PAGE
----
Mumbai: Technology executives worldwide believe that the US, China and India are the top three countries with the potential to drive technology breakthroughs that will have a global impact in the next four years, according to the 2013 Global Technology Innovation survey released by consultancy firm KPMG Llp on Thursday.
The US and China had tied for the top spot in the 2012 survey. However, this year, 37% of the respondents said the US shows the most promise for disruptive breakthroughs, while China ranked second with 24%, and India came third with 10%, followed by South Korea (7%), Japan (6%) and Israel (6%). Moreover, India ranked second in becoming the leading innovation centre for the world, third in the list of the most promising countries for disruptive breakthrough and fourth-most friendliest technology innovation country.
In the April-June quarter, KPMG surveyed 811 business executives from organizations focused on the technology space. Of these, 34% were in the Americas, 37% in Asia Pacific and 30% in Europe, Middle East and Africa. The index is based on tech leaders in each market rating their country on 10 success factors including talent, infrastructure, incentives and capital.
On the basis of availability of talent, development of disruptive technology breakthroughs, mentoring and access to innovation network (founders, CEOs, etc.), access to alliances or partnerships, supporting ecosystem (law firms, venture capitalists or VCs), access to capital, education system, ability to drive customer growth and government incentives, India ranked number one with an index score of 72 followed by Israel with 71, while the US came in third with 65 and China was fourth with 64 in the technology confidence innovation index.
“In the field of technology, India’s farsightedness and focus on innovation have helped it seize the third spot in the 2013 Global Tech Innovation Index. That’s not all. India’s topping the Confidence Index is a confirmation of business leaders’ faith in the country’s technological capabilities. Despite several concerns on data privacy and local technological infrastructure, the outlook for the sector is largely positive. The government can assist the technology sector by enabling easier access to capital through investor friendly policies and strengthening IP protection laws,” said Pradeep Udhas, head of markets, KPMG in India.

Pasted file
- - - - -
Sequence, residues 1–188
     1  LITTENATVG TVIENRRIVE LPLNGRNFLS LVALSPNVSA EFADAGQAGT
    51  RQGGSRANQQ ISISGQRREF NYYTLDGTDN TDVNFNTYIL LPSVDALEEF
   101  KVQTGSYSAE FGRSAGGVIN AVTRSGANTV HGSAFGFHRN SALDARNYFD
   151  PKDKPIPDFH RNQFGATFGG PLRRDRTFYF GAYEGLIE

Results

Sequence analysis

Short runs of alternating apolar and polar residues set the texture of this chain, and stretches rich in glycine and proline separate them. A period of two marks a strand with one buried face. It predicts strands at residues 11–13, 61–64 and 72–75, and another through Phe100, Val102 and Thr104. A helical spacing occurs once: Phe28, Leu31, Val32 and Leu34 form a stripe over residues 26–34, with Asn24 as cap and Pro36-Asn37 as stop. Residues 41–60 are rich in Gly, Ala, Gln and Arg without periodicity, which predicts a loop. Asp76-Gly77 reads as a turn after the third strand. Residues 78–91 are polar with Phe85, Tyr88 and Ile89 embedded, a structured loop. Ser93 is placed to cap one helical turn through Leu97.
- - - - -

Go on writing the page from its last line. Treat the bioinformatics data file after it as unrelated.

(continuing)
Cloud computing and mobile are expected to continue to gain momentum as the most disruptive technologies in consumer and business markets over the next three years, according to the Global Technology Innovation survey.
The technology leaders also expect biometrics and data and analytics technologies to develop, the survey said.
“Cloud computing and mobility have the potential to redefine the Indian IT landscape. With the Indian government emerging as one of the biggest drivers of the cloud, the opportunities in this are going to be limitless. Moreover, with over 800 million mobile subscribers, mobile applications can help in increasing financial inclusion for a large part of the untapped population. The booming start-up scene in the country is helping in the development of exciting cloud and mobile platforms, and in the coming years, this will, I believe, lead to the emergence of world-class Indian product firms,” said Udhas.